The final Groundwater Response Action involves pumping from two deep wells: one near 27th Avenue NE and 6th Street NE, the other near University Avenue’s bridge over the railroad tracks north of 27th Avenue. The water is treated on-site to remove PCP. The groundwater extraction and treatment system continues to operate, extracting 34 gallons per minute from the two wells; since operation began in December 2006, more than 3,700 pounds of PCP have been removed. CP has recently invested in two enhancements to the system: an infiltration basin (constructed in December 2012), to which treated groundwater is discharged under permit by the Minnesota Pollution Control Agency, to replenish the groundwater of the area; and, in 2013, two solar panels to supply energy to the pumping system.

Water levels and groundwater chemistry are regularly monitored by CP, using a network of monitoring wells, and the results reported to MDA. CP and MDA consider the trends in groundwater concentrations of the pollutants to be favorable.

 

Environmental Justice in the Shoreham Area

The quarterly meeting of the Shoreham Area Advisory Committee on Monday, July 8, included Minnesota Pollution Control Agency (PCA) employee Ned Brooks, a member of the PCA’s Environmental Justice Steering Team.

What is “environmental justice”? In the practice of the PCA, and according to Mr. Brooks, it is the assurance that no Minnesotan will be unduly subjected to risk from environmental pollution. The stated aim is to improve the involvement of lower income and minority groups—as someone pointed out, the demographic profile present in the crowd at the Northeast parade—in the planning and implementation of cleanup processes.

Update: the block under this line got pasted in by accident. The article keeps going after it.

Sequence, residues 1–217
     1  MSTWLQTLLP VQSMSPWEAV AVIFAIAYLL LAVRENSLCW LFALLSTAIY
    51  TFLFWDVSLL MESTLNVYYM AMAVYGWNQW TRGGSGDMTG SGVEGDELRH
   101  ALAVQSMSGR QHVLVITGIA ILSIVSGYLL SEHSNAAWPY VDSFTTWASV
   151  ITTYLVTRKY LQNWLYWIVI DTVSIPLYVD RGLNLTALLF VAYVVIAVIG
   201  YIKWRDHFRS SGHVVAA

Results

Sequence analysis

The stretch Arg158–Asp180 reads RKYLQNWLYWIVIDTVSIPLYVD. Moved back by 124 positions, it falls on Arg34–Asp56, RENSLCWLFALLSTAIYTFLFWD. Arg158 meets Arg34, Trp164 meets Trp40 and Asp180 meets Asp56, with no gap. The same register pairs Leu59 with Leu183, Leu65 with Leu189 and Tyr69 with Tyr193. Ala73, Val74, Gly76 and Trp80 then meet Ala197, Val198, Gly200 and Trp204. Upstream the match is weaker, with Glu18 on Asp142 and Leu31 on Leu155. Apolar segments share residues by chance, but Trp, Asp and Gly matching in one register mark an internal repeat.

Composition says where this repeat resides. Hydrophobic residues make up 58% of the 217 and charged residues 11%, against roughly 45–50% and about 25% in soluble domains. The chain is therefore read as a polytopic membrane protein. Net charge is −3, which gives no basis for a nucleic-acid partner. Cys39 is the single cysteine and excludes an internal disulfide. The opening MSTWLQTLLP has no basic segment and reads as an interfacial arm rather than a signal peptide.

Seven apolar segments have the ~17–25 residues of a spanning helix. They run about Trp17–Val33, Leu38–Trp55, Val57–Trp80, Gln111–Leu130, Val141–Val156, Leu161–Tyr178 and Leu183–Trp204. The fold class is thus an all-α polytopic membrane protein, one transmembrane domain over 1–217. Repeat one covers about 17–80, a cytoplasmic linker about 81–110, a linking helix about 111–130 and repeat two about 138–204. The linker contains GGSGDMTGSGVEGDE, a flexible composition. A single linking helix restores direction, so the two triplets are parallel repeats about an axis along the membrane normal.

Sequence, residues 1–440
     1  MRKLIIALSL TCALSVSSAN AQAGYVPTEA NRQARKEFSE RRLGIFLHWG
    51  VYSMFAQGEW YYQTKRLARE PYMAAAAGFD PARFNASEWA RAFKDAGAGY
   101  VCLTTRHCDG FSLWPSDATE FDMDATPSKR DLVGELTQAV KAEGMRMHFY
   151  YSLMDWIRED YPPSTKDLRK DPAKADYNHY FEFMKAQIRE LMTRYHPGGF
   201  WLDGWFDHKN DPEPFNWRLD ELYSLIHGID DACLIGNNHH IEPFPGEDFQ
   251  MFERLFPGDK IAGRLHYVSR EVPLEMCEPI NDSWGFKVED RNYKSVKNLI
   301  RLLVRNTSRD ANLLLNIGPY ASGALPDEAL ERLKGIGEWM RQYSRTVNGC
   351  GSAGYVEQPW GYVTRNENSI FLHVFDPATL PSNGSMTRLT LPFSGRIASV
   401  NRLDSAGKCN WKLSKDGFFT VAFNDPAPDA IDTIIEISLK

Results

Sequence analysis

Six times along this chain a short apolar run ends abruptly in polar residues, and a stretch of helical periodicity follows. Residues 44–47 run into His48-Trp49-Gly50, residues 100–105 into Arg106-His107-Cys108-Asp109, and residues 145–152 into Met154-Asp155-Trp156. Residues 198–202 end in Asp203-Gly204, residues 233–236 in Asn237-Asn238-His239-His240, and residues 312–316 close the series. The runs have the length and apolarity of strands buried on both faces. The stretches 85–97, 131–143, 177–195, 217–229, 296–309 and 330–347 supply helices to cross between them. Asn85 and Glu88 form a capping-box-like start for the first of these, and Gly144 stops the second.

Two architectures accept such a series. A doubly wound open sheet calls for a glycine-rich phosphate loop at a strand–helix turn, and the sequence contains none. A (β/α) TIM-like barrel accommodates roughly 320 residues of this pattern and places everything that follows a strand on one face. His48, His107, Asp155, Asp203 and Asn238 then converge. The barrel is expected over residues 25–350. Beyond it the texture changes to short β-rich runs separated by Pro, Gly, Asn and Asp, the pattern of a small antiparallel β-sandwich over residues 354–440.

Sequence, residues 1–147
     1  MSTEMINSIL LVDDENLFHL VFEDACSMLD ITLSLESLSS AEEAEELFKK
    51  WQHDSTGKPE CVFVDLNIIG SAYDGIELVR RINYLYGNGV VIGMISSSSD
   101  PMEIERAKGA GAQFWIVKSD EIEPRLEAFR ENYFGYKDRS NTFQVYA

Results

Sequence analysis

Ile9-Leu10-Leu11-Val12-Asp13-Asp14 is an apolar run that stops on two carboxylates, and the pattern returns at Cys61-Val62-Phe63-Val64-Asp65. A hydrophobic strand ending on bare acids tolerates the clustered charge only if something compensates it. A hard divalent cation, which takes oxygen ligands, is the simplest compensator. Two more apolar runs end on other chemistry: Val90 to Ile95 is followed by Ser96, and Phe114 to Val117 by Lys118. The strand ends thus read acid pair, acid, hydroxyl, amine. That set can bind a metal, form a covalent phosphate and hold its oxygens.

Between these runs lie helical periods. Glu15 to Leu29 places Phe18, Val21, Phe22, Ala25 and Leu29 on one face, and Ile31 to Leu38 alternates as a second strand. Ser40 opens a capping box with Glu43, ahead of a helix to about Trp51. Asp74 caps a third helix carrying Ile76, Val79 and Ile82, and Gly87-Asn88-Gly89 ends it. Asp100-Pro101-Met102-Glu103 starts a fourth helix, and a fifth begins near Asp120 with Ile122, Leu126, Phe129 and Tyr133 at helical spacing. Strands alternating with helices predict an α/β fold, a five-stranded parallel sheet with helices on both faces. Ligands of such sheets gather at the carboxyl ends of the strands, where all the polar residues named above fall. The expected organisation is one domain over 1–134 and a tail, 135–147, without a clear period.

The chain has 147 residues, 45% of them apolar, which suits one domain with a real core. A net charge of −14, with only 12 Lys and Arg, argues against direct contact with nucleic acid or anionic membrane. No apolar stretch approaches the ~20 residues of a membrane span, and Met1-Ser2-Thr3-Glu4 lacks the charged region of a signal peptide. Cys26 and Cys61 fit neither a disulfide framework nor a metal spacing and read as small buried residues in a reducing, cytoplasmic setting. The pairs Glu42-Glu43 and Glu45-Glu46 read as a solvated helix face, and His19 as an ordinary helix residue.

Several of those present made an environmental justice case for the issue of “vapor intrusion” into homes east of Central Avenue from the Shoreham site; that involves pollution in the form of vapors from chemicals migrating via groundwater and penetrating foundation walls and slabs into those homes—a considerable health risk.

In addition, there was discussion of the possibility of seeking a $50,000 grant that would be used, at least in part, to hire a technical expert to review and interpret the voluminous reports on the pollution remediation process that has been ongoing since 2006.

The public may review an “online repository” of much of those documents at this address. The Shoreham Area Advisory Committee’s web site is at this address.

[ Clarification from Gayle Bonneville, SAAC: The $50,000 federal EPA (Environmental Protection Agency) grants at this point don't seem to be available for Shoreham-related purposes since it is a state Super Fund site and not a federal Super Fund site." ]

That’s It?

Once upon a time, after the great tear-up and rebuilding of Central Avenue, there was an effort to create a green median (in place of the previous concrete median) that included small trees. It started out well, but it seemed that maintenance wasn’t part of the plan.

Back to the drawing board. A number of people, including some from Columbia Park and Waite Park neighborhoods, got together to figure out how to do it better and include plants that would better endure salt spray and other indignities. And so it was done.

That too started out looking good, although some weren’t so sure when, soon after, mowers were turned loose to level the verdant growth. “It’s necessary,” was the word. And so folks watched for the new and better plan to be revealed in time.

Another winter has gone by, and another spring, and this is how it looks:

Central Avenue median at Columbia Parkway, 8 June 2013

Shouldn’t, by now, the median be decorated by something other than a typical collection of volunteer plants and roadside trash?